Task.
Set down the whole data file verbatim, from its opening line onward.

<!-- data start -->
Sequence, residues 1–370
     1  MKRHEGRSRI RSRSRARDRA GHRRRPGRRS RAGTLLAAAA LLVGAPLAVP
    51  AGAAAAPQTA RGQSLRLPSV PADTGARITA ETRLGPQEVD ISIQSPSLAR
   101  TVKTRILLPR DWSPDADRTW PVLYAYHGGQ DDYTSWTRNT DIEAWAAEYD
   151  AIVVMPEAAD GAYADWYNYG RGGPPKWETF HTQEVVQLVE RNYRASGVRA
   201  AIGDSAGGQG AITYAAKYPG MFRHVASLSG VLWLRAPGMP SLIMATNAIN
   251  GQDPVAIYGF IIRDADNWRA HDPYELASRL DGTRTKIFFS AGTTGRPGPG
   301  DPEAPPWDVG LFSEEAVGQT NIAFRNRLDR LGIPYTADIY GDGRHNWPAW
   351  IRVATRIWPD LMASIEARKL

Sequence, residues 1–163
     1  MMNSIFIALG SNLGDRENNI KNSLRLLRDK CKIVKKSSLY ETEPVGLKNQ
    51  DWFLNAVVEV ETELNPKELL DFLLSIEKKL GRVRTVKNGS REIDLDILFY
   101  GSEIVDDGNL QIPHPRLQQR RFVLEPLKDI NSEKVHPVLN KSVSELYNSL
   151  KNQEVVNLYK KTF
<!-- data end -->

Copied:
Sequence, residues 1–370
     1  MKRHEGRSRI RSRSRARDRA GHRRRPGRRS RAGTLLAAAA LLVGAPLAVP
    51  AGAAAAPQTA RGQSLRLPSV PADTGARITA ETRLGPQEVD ISIQSPSLAR
   101  TVKTRILLPR DWSPDADRTW PVLYAYHGGQ DDYTSWTRNT DIEAWAAEYD
   151  AIVVMPEAAD GAYADWYNYG RGGPPKWETF HTQEVVQLVE RNYRASGVRA
   201  AIGDSAGGQG AITYAAKYPG MFRHVASLSG VLWLRAPGMP SLIMATNAIN
   251  GQDPVAIYGF IIRDADNWRA HDPYELASRL DGTRTKIFFS AGTTGRPGPG
   301  DPEAPPWDVG LFSEEAVGQT NIAFRNRLDR LGIPYTADIY GDGRHNWPAW
   351  IRVATRIWPD LMASIEARKL

Sequence, residues 1–163
     1  MMNSIFIALG SNLGDRENNI KNSLRLLRDK CKIVKKSSLY ETEPVGLKNQ
    51  DWFLNAVVEV ETELNPKELL DFLLSIEKKL GRVRTVKNGS REIDLDILFY
   101  GSEIVDDGNL QIPHPRLQQR RFVLEPLKDI NSEKVHPVLN KSVSELYNSL
   151  KNQEVVNLYK KTF